Microsoft to pay $320 million for cloud security provider Adallom
Reports have emerged stating that Microsoft is to drop $320 million in cash for Israeli cloud security startup Adallom.
Adallom – founded in 2012 with just 80 employees – provides security tools for cloud applications. News of the acquisition broke in Israel where Adallom is based, before being reported by Reuters.
Although to date neither company have commented on the rumoured deal, the acquisition would seem to follow the current thinking at Microsoft. Upon appointment last year, CEO Satya Nadella stated that the company has to thrive “in a mobile- and cloud-first world,” and this would certainly match that brief, allowing Microsoft to provide extra protection for products such as Azure and Yammer.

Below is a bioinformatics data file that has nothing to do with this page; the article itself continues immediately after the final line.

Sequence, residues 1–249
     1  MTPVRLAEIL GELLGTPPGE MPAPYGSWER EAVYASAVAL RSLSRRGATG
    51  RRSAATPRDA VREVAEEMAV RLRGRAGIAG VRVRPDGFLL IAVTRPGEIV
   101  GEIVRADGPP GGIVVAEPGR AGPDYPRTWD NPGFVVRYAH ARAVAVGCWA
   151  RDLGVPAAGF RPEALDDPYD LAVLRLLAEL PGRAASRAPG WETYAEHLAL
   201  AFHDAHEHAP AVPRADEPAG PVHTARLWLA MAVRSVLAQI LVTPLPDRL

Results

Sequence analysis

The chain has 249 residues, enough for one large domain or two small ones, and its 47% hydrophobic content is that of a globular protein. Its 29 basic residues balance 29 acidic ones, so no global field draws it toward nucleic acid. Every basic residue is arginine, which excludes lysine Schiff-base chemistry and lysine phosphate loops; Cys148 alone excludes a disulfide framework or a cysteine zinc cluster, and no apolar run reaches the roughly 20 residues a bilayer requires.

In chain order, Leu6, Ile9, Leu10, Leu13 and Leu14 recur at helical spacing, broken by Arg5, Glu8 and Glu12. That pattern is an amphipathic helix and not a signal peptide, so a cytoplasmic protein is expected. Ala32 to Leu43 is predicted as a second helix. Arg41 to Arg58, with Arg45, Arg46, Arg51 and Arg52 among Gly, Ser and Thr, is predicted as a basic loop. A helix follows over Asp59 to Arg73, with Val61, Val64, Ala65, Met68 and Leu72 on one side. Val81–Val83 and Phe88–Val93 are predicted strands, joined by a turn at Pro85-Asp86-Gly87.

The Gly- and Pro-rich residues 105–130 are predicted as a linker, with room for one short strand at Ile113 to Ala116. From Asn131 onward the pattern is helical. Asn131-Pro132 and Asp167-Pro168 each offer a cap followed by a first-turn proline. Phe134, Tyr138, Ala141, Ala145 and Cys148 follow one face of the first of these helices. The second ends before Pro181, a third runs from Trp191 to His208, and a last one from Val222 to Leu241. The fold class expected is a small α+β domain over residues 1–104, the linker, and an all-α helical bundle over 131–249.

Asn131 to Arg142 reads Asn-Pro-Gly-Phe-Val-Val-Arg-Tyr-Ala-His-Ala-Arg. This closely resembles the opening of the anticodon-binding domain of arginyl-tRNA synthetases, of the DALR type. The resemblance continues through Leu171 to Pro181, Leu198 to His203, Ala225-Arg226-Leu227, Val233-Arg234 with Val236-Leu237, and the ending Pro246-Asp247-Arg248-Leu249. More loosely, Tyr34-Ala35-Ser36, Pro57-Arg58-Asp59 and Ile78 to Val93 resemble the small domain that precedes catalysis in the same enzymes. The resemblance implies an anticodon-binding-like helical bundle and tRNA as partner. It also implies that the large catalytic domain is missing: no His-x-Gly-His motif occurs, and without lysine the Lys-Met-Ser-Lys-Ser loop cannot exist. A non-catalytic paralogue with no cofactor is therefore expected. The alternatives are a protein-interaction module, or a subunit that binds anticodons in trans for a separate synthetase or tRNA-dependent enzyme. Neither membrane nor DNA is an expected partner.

Assuming the deal goes ahead, and if Adallom continues to function as an independent unit – as a source allegedly told VentureBeat it will – Microsoft will find itself in the awkward position of providing cloud security for a number of its rivals, including Google Apps and Dropbox. Adallom’s website also lists the likes of Netflix, HP, Pixar, SAP, Orange and LinkedIn among its customers – as well as Microsoft’s own Office 365.
If confirmed, the deal will come just weeks after Microsoft was forced to write off the $7.6 billion it spent on Nokia’s Devices and Services division last year, where 7,800 employees were laid off. The swift return to company acquisition – albeit on a much smaller scale than the Nokia buyout – is a reminder that Microsoft is still a force to be reckoned with, especially if it keeps its promise to become more reactive and focused. This deal is another sign of that intent.
Images: Bhupinder Nayyar and Robert Scoble used under Creative Commons.
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